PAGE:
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Image: Steve Hodgson (CC BY-SA 2.0)
• Welcome to the Sky Gathering on the island of Lundy, England with Gavin Pretor-Pinney, founder and Member 001 of the Cloud Appreciation Society.
• The Dutch visual artist Berndnaut Smilde explains how he creates clouds indoors to make the most transient, momentary and ephemeral sculptures in the world.
• Weather forecasts tend to refer to the sky in a simplistic way. They say it’ll be sunny or cloudy, rainy or dry. With the technology now available to forecasters, is it not time they included more detail so we can know the actual skies we have in store? Helen Roberts, Senior Operational Meteorologist at the Met Office in the UK considers this as she shows us how a forecast is put together.
Our relationship with nature can be charted by the way artists over the centuries have depicted the sky in the backgrounds of their paintings. Landscape artist and Member 22,010, Lionel Playford, takes us on a fascinating tour of the clouds in Western art.
The Sun provides the energy for all life on our planet and is the driving force behind the movements in our atmosphere that cause the weather. This primal connection we have to the Sun is most vividly demonstrated by eclipses and aurora. Dr. Melanie Windridge, plasma physicist and Member 42,862, elegantly explains these beautiful, dramatic and transfixing natural phenomena.
The tiny English island of Lundy is the venue for our 2019 Sky Gathering. Though it is a wildlife sanctuary today, this little rock of granite in the middle of the Bristol Channel, on the edge of the vast Atlantic Ocean was once a haven for pirates and ruffians. Michael Williams of the Lundy Field Society gives us a brief tour of the island’s varied and eccentric history.
The tiny English island of Lundy is the venue for our 2019 Sky Gathering. Island warden, Dean Woodfin Jones, takes us on a tour of the island’s abundant wildlife, both above and below the waves, including its iconic summer seabird visitor, the puffin.
(Puffin image, CC BY-SA 3.0, by Dickelbers)
Clouds are irresistible metaphors for poets. Existing at the cusp of visibility and invisibility, they appear like ideas, they pass like emotions. Award-winning author of many books on the clouds Richard Hamblyn leads us through a history of clouds in poetry, from the ancient to the modern, with the help of readings by Lisa Knapp.
‘Sprites’ are mysterious, fleeting flashes of light that have been observed shooting up into the atmosphere above particularly large lightning storms. They were first captured on film by accident in the late 1980s. Dr. Walt Lyons, past President of the American Meteorological Society and Member 0024, was instrumental in their identification. Here he shows that these massive, transient light effects are just one of a whole family of light effects that form above particularly strong storms. They have names like ‘blue jets’, ‘elves’, ‘halos’ and ‘gigantic jets’ and we are only beginning to understand what causes them.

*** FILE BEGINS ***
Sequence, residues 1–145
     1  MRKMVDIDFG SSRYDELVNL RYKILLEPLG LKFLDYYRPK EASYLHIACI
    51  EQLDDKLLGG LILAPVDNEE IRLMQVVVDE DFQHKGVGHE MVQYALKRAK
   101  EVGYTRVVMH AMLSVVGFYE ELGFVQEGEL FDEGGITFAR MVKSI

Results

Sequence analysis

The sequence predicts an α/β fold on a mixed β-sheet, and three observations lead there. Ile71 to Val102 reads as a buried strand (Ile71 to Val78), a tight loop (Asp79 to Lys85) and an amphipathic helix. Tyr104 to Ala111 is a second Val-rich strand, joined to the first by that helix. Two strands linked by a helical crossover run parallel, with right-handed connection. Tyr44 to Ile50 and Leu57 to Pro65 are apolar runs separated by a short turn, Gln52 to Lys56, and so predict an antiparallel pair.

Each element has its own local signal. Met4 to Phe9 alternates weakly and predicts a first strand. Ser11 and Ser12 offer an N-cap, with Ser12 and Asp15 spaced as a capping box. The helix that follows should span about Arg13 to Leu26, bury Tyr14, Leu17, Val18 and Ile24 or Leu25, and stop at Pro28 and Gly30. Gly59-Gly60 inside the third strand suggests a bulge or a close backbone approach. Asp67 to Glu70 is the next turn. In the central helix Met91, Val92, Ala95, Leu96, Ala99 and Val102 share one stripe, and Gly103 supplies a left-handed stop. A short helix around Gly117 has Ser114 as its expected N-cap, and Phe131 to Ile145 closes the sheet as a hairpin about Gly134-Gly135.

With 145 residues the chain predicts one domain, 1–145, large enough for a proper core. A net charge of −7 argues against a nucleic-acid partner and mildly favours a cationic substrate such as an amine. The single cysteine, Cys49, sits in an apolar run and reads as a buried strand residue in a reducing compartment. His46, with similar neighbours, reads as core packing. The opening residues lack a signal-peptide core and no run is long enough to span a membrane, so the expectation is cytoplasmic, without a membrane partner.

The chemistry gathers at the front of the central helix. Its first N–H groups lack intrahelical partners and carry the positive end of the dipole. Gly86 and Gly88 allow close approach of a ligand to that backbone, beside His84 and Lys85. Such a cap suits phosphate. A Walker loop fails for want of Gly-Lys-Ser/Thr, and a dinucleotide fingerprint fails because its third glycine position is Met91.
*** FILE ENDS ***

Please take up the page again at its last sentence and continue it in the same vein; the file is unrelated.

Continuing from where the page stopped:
At the Cloud Appreciation Society, we believe that spending a few moments each day with your head in the clouds helps you keep your feet on the ground. Gavin Pretor-Pinney, Member 001 of the Cloud Appreciation Society, shows how learning to identify the ever-changing and ephemeral forms of the clouds is good for the mind, the body and the soul.
Award-winning folk musician Lisa Knapp performs traditional English folk songs relating to the weather, as well as her own Shipping Song and a beautiful rendition of ‘Both Sides Now’ by Joni Mitchell.
We seem to hear more and more often ideas to ‘fix’ rising global temperatures with drastic climate engineering projects such as reflecting away sunlight with atmospheric particles or by seeding clouds. But messing with our climate like this is a bad idea argues Jim Fleming, Professor of Science, Technology, and Society at Colby College, Maine, US. He shows how the chequered history of weather control has sobering lessons for anyone arguing for ‘geo-engineering’ solutions to climate change.
Most people try to get away from extreme supercell storms and tornadoes. Storm chasers head towards them in an effort to capture their awe-inspiring beauty on film. One of the best working today is Mike Olbinski. After watching his amazing video ‘Pursuit’, we catch up with Mike live from his van beside the road in Oklahoma, US during a storm-chasing trip to find how how he manages to film the most dangerous and monumental of all cloud formations.
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